I reread The Argonauts that night, mulling not just over Nelson’s words but others, too. Some reviewers claimed to love the book but rambled on about her lyrical prose and deft handling of motherhood without ever explicitly mentioning gender. Others were more forthright that they thought her subject material was taboo and appalling, railing against a supposed loss of—ironically—family values. Mostly, they reminded me why I needed Nelson’s words: the true bias out there, the anger that emerges when someone simply tells their own truth.
But some reviews were spectacular, embracing Nelson like I did. They furthered her story, uplifted her voice, reminded me that there is and has always been more support than I could see. Black Warrior Review called her “above all… not a hidden principle or a thesis or a construct,” but instead “a living voice,” the face of queer family-making and maturity pulling you by the hand throughout her journey and the hope of your future journey, too. All together, “she takes us in… and she will take you in without questioning why you are there, too.” Because it was never just me in my room alone with The Argonauts. It was never just me alone in this narrative, in this experience, even when it felt that way. There were always more stories out there, more discussion that needed to happen, more people to be taken in. The Argonauts was the catalyst for those accounts to emerge, the one act of representation that lodged the door open and allowed me and others to represent ourselves too, to make ourselves seen to the larger world.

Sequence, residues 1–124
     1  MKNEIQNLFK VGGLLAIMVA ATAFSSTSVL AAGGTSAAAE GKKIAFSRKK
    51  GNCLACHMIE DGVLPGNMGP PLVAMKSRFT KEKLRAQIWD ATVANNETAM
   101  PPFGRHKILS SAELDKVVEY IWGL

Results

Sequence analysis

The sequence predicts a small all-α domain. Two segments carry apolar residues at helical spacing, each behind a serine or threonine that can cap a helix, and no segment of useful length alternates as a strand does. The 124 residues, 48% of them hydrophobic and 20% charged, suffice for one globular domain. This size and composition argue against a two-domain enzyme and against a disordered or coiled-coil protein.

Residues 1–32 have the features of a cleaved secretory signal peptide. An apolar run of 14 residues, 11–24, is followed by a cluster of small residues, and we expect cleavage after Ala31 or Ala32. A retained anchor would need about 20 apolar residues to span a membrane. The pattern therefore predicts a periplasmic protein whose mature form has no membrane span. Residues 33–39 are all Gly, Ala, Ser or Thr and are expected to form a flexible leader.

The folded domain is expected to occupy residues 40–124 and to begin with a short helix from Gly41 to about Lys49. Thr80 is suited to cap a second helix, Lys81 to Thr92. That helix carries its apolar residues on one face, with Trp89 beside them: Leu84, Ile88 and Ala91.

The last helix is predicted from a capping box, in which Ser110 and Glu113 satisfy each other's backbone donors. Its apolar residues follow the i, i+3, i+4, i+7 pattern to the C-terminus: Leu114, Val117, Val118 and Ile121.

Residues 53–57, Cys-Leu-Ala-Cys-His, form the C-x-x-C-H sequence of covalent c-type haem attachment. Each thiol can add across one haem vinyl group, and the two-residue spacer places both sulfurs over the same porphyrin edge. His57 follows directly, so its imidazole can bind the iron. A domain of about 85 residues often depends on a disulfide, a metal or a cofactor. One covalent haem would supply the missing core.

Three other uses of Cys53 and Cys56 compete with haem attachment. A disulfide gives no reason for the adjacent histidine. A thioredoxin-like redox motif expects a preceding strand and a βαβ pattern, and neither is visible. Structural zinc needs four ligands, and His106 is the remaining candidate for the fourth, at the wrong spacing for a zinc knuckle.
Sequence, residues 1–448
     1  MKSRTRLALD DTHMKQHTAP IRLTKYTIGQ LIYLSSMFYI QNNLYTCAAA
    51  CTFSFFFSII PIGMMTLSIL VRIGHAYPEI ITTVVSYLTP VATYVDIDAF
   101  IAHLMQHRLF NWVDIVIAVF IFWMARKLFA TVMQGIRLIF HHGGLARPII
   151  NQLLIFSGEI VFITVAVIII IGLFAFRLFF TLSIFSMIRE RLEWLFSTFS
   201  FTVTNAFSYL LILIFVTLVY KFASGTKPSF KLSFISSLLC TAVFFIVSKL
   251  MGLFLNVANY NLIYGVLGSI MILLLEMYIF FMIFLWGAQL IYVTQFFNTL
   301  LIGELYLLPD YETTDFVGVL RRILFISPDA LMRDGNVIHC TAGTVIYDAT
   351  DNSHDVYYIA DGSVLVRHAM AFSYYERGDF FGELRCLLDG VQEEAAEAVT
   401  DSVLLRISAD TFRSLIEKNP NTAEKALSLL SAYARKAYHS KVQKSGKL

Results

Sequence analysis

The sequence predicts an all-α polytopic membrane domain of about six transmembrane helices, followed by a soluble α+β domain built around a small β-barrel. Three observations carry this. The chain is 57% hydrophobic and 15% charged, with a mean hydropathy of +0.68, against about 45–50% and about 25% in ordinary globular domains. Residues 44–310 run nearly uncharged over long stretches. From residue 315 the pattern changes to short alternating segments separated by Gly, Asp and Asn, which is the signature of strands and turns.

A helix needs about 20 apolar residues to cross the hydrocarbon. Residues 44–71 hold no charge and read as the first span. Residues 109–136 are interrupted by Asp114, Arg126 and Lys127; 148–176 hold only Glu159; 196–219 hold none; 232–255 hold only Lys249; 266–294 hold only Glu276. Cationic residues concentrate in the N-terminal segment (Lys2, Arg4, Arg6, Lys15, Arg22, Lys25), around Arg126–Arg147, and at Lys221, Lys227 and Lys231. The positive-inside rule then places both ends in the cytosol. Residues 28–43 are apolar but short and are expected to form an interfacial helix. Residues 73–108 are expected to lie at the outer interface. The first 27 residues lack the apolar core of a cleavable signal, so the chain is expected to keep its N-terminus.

And I reread my old writing, my own reviews of Nelson scrawled in the margins. I had filled the book with Post-It notes and underlined phrases and exclamation points, all written to my partner about our experiences together. I don’t know if they ever read the book after I gave it to them and before they gave it back with boxes full of my shirts and other trinkets they no longer wanted around—that wasn’t the point. The point was that it was there for them to read if they did want it, there for me before I even knew it was exactly what I wanted, and there for so many others, a story that resisted expectations and carved a new space for gender nonconformity and romance not just together but as the same entity.
Which is why representation matters so much: it connects us to stories that validate our existence, stories that open new worlds and make them understandable, stories that show us our common humanity and link us together. It proves to us, in Nelson’s words, that “we are for another or by virtue of each other, not in a single instance, but from the start and always.” That we are here, and have always been here, and will always continue to love, despite everything.